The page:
interface ConferenceProps {
localStream: MediaStream | null;
remoteStream: MediaStream | null;
onDisconnect: () => void;

Now we will define what to render for the conference component:

return (
<div className="Conference">
<Video className="remote-video" mediaStream={props.remoteStream} />
<Toolbar className="toolbar" onDisconnect={props.onDisconnect} />

This component consists in three sub-components:

  • remote-video: The video with the rest of the participants and their audio.
  • local-video: The video with the webcam feed of the current user. In this case the audio is muted.
  • toolbar: This component is the one that contains all the buttons to make actions. In the next section we will discuss how it works.

Toolbar component

The last file that we will modify in this lesson is src/components/Conference/Toolbar/Toolbar.tsx. This is the toolbar that allows us to interact with the conference. This time we will implement a new button. This button will be used to disconnect the user from the conference on demand.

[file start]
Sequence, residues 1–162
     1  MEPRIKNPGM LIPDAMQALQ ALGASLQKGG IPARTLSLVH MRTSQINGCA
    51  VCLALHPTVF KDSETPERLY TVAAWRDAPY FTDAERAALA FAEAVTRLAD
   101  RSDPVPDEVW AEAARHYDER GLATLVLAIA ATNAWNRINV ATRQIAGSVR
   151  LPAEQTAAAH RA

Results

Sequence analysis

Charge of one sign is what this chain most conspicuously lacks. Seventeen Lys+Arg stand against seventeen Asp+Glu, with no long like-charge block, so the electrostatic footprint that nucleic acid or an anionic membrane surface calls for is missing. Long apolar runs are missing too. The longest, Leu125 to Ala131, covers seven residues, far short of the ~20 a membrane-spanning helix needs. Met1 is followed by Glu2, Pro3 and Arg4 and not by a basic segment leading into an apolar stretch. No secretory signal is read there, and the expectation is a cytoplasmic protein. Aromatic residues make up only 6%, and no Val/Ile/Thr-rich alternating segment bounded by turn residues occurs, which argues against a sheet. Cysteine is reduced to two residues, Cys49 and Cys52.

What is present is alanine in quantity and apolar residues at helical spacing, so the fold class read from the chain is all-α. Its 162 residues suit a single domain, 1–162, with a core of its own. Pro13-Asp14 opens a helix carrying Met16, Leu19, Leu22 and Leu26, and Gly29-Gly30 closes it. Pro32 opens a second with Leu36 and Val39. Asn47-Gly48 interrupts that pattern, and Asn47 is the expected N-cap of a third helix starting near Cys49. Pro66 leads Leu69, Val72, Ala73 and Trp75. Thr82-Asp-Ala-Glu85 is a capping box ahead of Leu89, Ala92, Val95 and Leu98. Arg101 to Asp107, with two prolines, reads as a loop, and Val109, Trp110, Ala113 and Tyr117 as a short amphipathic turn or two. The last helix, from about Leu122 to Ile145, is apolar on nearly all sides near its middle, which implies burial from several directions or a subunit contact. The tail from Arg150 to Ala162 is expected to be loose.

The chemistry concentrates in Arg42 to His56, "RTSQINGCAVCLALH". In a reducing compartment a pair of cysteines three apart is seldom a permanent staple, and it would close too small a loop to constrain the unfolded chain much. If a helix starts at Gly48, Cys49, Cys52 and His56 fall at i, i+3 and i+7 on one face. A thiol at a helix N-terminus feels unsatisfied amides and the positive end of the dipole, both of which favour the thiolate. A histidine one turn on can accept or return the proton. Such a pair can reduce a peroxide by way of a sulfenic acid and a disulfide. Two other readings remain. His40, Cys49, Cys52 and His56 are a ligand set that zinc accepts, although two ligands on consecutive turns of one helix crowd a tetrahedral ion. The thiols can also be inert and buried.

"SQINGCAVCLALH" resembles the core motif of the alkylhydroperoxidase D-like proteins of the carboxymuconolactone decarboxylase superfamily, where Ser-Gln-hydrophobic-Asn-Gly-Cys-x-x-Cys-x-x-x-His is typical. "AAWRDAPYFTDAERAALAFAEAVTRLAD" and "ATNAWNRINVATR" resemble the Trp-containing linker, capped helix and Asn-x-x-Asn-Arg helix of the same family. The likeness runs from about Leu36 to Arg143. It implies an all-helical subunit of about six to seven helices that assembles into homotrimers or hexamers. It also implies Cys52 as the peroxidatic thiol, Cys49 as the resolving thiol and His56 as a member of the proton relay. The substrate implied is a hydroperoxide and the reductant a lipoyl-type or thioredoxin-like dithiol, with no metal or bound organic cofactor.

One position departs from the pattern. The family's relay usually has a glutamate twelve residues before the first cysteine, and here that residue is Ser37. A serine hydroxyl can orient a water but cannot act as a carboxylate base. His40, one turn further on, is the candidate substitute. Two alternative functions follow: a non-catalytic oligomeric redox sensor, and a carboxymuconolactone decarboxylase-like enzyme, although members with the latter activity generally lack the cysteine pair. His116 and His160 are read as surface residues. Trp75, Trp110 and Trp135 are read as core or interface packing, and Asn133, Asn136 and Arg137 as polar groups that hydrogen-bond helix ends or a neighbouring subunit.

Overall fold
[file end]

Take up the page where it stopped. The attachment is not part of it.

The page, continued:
The first thing that we will do is to define the function that will be called when the button is pushed. In this case the function is quite simple, since it only calls to the props.onDisconnect() function that we have defined in a previous step.

First of all, we add onDisconnect to the props list:

interface ToolbarProps {
className: string;
onDisconnect: () => void;

Now we define the function that will be run when the user pushes the disconnect button:

const handleHangUp = () => {

The final step is to add the button itself to our interface:

return (
<div className={className}>
<Button onClick={handleHangUp} icon={<CallEndIcon />} />

Run the app

You have everything in place to launch your videoconferencing application. Run the command npm start and you will see the app in the browser.

You can compare your code with the solution in Step.01-Solution-Join-a-conference. You can also check the differences with the previous lesson in the git diff.

Join a conference